Marathi poet Sant Tukaram was one of the pillars of the Bhakti movement of Maharashtra. It is believed he began writing abhangas, or religious poetry, after being visited by Vitthal, an avatar of Lord Vishnu and Lord Krishna, in a dream. He is revered by the Varkari sampradaya.
20 John Gay
21 Lope de Vega
Spanish Baroque dramatist Lope de Vega was one of the most significant figures of the Spanish Golden Age. He had initially aspired to be a priest but abandoned his plans after falling in love with a married woman. He is best remembered for works such as The Dog in the Manger.
Called the founder of experimental biology and father of modern parasitology, Italian physician, biologist, naturalist and poet Francesco Redi did the first major experiment to challenge spontaneous generation. His book Esperienze intorno alla generazione degl'insetti includes most of his famous experiments, while his poem book Bacco in Toscana is counted among the finest works of 17th-century Italian poetry.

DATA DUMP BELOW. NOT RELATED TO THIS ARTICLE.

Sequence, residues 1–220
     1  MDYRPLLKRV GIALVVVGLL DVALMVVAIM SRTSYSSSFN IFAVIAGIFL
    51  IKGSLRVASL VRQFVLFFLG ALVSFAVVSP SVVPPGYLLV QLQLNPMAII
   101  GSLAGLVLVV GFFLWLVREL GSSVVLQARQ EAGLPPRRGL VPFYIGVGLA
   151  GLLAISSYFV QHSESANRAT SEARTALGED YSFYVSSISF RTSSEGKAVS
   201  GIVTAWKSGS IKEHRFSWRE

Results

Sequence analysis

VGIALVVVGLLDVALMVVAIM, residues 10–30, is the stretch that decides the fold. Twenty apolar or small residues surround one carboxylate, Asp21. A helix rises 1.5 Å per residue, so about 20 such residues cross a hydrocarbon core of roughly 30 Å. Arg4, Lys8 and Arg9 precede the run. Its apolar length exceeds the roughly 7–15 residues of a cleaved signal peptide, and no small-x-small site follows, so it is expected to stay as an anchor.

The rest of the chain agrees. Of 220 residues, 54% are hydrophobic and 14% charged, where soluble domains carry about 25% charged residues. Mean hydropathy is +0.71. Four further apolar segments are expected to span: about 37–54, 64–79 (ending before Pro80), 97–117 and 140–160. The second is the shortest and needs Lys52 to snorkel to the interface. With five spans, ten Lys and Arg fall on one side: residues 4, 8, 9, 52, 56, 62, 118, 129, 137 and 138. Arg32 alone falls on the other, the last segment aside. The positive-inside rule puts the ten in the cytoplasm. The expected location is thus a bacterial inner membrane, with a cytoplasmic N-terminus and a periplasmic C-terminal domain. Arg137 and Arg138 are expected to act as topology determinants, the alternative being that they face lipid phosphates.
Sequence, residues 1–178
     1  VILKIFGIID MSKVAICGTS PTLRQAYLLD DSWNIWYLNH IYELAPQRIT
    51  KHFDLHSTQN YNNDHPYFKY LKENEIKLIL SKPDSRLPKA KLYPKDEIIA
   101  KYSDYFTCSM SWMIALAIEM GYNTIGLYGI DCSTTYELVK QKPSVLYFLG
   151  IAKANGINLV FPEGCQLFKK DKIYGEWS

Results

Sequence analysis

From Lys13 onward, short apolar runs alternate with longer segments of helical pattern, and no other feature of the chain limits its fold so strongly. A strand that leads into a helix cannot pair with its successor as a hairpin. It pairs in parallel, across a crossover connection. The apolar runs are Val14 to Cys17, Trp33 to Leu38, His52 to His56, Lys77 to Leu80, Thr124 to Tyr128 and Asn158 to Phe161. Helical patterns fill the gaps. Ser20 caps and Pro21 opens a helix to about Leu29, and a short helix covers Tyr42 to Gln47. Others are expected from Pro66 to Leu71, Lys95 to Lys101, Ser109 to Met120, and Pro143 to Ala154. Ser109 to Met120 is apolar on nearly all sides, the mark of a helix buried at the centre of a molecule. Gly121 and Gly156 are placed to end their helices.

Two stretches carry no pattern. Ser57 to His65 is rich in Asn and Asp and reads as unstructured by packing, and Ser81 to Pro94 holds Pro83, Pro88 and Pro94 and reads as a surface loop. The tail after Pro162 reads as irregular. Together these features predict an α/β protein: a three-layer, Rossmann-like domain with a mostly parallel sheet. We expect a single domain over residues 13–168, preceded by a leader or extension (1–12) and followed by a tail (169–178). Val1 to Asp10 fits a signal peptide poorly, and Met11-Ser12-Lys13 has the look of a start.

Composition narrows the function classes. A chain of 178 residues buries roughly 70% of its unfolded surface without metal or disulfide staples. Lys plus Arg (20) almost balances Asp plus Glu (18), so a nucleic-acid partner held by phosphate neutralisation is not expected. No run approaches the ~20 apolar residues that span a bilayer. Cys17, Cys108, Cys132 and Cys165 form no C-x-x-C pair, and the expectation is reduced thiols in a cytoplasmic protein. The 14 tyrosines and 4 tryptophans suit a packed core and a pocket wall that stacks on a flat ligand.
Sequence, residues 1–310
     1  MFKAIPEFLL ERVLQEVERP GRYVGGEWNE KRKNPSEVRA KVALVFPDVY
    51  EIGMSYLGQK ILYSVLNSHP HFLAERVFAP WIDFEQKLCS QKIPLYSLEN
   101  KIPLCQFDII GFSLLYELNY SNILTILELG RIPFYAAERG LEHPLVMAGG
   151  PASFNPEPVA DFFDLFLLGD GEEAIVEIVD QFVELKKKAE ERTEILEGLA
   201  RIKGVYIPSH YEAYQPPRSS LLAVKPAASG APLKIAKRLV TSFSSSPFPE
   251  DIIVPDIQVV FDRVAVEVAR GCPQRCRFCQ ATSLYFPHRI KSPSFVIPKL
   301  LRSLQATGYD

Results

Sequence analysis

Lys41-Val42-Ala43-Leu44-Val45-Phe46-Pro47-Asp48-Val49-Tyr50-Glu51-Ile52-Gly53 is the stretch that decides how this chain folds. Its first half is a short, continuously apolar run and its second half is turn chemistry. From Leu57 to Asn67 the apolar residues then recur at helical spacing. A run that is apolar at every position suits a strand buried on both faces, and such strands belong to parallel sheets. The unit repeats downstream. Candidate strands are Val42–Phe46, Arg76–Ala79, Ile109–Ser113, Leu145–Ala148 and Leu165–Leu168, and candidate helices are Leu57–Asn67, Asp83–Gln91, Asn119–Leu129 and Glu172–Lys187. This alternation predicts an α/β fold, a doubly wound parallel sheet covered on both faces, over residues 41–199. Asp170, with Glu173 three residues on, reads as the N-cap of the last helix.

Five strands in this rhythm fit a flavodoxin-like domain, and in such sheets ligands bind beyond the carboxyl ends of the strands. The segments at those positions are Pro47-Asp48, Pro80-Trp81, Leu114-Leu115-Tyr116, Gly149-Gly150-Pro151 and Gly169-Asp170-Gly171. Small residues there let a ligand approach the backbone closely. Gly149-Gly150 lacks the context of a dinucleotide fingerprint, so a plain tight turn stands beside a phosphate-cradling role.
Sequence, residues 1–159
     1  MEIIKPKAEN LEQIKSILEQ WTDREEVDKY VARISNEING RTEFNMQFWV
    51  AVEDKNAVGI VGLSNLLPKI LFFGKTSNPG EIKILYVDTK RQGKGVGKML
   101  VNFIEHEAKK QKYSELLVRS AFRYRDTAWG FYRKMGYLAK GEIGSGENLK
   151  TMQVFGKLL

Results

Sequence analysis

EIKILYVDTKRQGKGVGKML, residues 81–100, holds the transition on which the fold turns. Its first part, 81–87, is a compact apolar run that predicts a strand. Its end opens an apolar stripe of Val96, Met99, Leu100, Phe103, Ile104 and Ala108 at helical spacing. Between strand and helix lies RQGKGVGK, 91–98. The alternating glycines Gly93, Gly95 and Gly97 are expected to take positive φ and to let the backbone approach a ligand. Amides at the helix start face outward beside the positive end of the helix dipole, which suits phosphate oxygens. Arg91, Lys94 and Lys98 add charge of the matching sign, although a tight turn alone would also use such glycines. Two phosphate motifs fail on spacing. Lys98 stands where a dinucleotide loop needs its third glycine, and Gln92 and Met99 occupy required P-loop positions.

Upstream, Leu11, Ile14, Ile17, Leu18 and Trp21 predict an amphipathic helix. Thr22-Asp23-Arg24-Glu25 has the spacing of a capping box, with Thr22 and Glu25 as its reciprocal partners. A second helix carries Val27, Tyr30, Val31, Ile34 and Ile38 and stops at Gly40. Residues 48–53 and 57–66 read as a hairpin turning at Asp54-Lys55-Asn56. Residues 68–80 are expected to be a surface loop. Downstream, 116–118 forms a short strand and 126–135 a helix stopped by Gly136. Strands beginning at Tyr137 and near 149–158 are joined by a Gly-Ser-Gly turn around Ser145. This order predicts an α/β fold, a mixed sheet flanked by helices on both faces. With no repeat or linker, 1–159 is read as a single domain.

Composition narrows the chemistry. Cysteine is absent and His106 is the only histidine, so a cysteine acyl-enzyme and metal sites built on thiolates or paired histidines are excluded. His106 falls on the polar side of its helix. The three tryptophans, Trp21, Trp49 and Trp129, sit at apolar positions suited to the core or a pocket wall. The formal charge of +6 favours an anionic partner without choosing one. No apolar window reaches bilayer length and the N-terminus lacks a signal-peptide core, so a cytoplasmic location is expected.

Abdul Rahim Khan-i-Khana was an Indian poet who served in the court of Mughal Emperor Akbar. He was counted among the Navaratnas, Akbar's nine important ministers. Rahim is best remembered for his couplets and books on astrology.
Spanish nobleman, politician and writer Francisco Gómez de Quevedo y Santibáñez Villegas, KOS of the Baroque era is counted among the most prominent writers of Spain's Golden Age. Quevedo adhered to the conceptismo style compared to his lifelong rival, Luis de Góngora’s culteranismo style. His notable works include the picaresque novel El Buscón and the satirical prose Los Sueños.
Known as The Great Montrose, James Graham, 1st Marquess of Montrose was not just a Scottish nobleman and military leader but also a talented poet. He won many battles for Charles I but was defeated in the Battle of Carbisdale, following which he was hanged to death in the Edinburgh marketplace.
François Fénelon was a French writer, poet, theologian, and Catholic archbishop. He is best remembered for his book The Adventures of Telemachus, which was published in 1699. François Fénelon also served as a tutor of Louis, Duke of Burgundy, guiding the character formation of Louis, Grand Dauphin's eldest son.
32 John Lyly